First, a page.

Of course, it’s not DS+R’s fault that the galleries are too grandiose for the art on display, or, perhaps, that the total project cost crept up to $112 million. (The museum is unable to specify how much of that went toward construction.) Contrary to popular belief, restoring a building, even one as straightforward as the 1939 structure, can get much more expensive than building from scratch. And satisfying the client’s desire to maintain the original building required the design team to jump through many hoops. Ironically, another of DS+R’s clients, the Museum of Modern Art (MoMA) in New York, infamously deemed those sorts of hoops impractical to save the more architecturally significant American Folk Art Museum building, now razed, for MoMA’s expansion— plans for which have since been dramatically scaled back.
Though the intention was to pursue an economically viable building post Ito, pound for pound, the university may have come up short. At 83,000 square feet—more than half of which were existing—the new BAMPFA is only about two-thirds the size of Ito’s building and 20,000 square feet smaller than even Ciampi’s. And in taking on the renovation of a building that the university didn’t regard highly enough to preserve in the first place, DS+R could not help but find itself behind the eight ball, its modest but still costly intervention certainly unable to live up to the memory of the now beloved Ciampi building or to the excitement over Ito’s bold proposal, which would have been the Pritzker Prize–winning Tokyo architect’s one and only building in the U.S. In the end, after a nearly 20-year saga, we’re left wondering if the choices made for each of these buildings were the right ones and, as DS+R founding partner Elizabeth Diller herself asked in the wake of the Folk Art Museum controversy, “In preservation, what are the limits of adaptive reuse?”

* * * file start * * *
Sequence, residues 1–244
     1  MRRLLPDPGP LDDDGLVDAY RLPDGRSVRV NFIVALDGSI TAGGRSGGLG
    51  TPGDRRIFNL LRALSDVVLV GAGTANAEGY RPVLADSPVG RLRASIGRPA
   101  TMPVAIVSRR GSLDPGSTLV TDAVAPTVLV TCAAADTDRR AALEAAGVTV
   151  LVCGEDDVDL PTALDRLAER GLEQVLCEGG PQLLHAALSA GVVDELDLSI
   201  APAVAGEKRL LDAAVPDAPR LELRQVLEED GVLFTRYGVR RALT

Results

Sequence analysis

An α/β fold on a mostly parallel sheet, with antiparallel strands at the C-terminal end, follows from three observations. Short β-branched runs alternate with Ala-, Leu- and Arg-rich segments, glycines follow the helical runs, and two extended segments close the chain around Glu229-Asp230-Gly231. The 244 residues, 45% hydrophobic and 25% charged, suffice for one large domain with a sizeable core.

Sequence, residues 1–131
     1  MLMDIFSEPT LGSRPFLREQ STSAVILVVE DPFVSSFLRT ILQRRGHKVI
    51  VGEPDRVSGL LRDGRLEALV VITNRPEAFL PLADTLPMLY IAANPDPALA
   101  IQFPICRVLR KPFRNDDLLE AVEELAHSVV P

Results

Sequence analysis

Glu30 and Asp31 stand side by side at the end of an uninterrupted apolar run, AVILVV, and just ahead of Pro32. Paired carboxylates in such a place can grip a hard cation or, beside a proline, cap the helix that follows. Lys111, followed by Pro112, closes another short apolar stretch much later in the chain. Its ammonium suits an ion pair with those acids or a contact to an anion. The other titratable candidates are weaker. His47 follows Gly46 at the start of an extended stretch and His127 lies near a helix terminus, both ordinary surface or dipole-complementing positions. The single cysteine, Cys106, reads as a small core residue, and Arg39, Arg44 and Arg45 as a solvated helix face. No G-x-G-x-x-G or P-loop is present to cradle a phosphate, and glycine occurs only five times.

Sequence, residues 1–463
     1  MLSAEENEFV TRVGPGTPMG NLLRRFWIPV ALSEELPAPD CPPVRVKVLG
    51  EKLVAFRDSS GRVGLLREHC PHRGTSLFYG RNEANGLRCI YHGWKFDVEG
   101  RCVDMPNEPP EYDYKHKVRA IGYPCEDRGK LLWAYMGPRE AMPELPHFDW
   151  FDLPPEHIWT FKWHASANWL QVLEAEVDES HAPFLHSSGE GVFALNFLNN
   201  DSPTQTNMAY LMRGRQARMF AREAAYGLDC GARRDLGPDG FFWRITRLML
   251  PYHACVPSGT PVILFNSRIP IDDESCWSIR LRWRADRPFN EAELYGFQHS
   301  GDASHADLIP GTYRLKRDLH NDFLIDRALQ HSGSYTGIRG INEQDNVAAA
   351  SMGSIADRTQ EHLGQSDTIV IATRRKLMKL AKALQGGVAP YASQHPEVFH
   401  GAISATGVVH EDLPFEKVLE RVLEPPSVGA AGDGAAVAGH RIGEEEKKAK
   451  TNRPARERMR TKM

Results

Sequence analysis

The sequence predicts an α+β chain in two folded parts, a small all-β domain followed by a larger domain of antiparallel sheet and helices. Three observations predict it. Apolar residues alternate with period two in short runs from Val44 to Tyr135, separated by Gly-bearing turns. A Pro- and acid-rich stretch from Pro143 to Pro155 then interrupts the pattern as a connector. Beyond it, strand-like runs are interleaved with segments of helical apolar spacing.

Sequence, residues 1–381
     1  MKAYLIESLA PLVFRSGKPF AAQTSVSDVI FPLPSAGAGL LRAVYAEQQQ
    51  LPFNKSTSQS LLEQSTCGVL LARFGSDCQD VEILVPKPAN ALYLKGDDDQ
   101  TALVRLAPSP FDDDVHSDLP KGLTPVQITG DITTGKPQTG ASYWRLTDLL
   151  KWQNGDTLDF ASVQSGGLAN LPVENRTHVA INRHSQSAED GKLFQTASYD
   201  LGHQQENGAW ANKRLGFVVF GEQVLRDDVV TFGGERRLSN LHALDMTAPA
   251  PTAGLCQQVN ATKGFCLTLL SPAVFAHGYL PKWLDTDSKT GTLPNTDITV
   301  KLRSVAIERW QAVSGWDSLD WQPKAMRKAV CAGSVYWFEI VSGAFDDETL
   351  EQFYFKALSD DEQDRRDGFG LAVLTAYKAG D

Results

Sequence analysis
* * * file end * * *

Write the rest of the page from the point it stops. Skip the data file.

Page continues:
Diller Scofidio + Renfro
601 West 26 Street, Suite 1815
New York, NY 10001
T; 212 260 7971
Personnel in architect's firm who should receive special credit:
Partner in Charge: Charles Renfro
Co-Project Leaders: Zoe Small, Anthony Saby
Project Architect: Michael Samoc
Project Architect Michael Samoc, Charles Curran, Haruka Saito, William Ngo, Mark Gettys (Project Team)
Architect of record:
500 Treat Avenue, Suite 201
San Francisco, CA 94110
T: 415 285 9193
Civil engineer: BKF Engineers, Walnut Creek, CA
Structural Engineer: Forell/Elsesser Engineering, Inc., San Francisco, CA
Mechanical Engineer: Stantec, Sherman Oaks, CA
Shoring Engineer: Degenkolb Inc., Oakland, CA
Facade: Simpson Gumpertz & Heger, Waltham, MA
Landscape: Hargreaves Associates, San Francisco, CA
Lighting: Tillotson Design Associates New York, NY
Acoustical: Jaffe Holden, Norwalk, CT
Theatrical/AV: Fisher Dachs Associates, New York, NY; Boyce Nemec, Norwalk, CT
Construction Manager: Plant Construction Company, San Francisco, CA
Photos by Iwan Baan
Kristina Snyder, Agency Director
Renderer: Diller Scofidio + Renfro
CAD system, project management, or other software used:
Digital Project (SSTL/Curtain Wall Envelope)
Structural Steel Glazier Steel, Hayward, CA
Structural Concrete Webcor Builders, Alameda, CA
Geotechnical Engineer AMEC Environment & Infrastructure, Oakland, CA
Facade design/build: McGrath Sheet Metal, Maplewood, MN
Custom stainless steel: MG McGrath Sheet Metal, Maplewood MN
Metal/glass curtain wall: Custom steel mullion glazing system: Architectural Glass and Aluminum, Livermore, CA
Wausau (Administration Building)
Ranker AMG, Sacramento, CA
Glass: Northwestern Industries
Skylights (Horizontal): Garibaldi Glass
Clerestory: Advanced Glazings
Entrances: Dawson Doors
Coiling Door: Barton Overhead Door Inc., Modesto, CA
Paints and stains: Benjamin Moore, Glidden
Solid surfacing: Corian
Resilient flooring: Dex-O-Tex (epoxy resinous)
Special interior finishes unique to this project: Knauf (perforated GWB)
Pivot Interiors, San Francisco, CA
Fixed seating: Irwin Seating Company
Gallery lighting: LiteLab